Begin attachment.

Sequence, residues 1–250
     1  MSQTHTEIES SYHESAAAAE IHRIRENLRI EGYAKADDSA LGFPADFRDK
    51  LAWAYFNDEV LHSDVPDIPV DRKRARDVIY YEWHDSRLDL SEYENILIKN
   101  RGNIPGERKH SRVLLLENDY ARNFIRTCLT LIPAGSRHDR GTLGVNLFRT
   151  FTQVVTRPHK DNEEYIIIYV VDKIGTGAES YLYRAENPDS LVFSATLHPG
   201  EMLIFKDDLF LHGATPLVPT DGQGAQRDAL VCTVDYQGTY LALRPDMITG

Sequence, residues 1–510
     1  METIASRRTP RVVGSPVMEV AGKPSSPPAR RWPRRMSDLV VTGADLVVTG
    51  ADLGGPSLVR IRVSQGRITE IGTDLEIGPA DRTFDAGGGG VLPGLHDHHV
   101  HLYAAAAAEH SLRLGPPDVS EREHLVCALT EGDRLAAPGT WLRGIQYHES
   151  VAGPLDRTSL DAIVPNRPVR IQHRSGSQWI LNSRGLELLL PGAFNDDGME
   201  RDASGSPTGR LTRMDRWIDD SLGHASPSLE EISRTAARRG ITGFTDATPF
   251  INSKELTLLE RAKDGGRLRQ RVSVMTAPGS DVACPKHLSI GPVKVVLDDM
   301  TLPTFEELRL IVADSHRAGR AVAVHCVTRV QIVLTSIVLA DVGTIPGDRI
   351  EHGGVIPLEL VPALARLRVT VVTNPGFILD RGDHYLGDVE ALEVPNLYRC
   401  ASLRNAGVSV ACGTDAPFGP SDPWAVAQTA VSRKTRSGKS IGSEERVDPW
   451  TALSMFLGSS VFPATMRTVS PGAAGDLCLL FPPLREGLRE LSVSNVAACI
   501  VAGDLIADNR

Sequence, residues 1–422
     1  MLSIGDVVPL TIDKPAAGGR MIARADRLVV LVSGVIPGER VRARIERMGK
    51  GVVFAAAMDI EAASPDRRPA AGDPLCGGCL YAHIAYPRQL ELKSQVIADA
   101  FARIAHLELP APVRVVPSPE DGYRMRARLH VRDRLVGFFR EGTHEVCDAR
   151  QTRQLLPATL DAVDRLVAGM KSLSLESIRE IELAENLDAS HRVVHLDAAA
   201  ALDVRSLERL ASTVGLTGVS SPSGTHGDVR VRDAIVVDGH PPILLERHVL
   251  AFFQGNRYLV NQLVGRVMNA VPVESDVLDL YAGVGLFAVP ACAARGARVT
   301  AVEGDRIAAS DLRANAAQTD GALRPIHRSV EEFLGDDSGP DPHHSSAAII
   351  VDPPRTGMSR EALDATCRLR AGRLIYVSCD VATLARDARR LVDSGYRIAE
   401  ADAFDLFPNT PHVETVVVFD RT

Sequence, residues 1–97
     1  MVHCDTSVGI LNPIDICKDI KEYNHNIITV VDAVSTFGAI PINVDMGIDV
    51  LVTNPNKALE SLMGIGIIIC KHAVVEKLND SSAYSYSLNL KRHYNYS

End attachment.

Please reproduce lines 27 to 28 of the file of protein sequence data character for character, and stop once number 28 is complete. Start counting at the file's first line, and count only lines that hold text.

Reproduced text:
   351  VDPPRTGMSR EALDATCRLR AGRLIYVSCD VATLARDARR LVDSGYRIAE
   401  ADAFDLFPNT PHVETVVVFD RT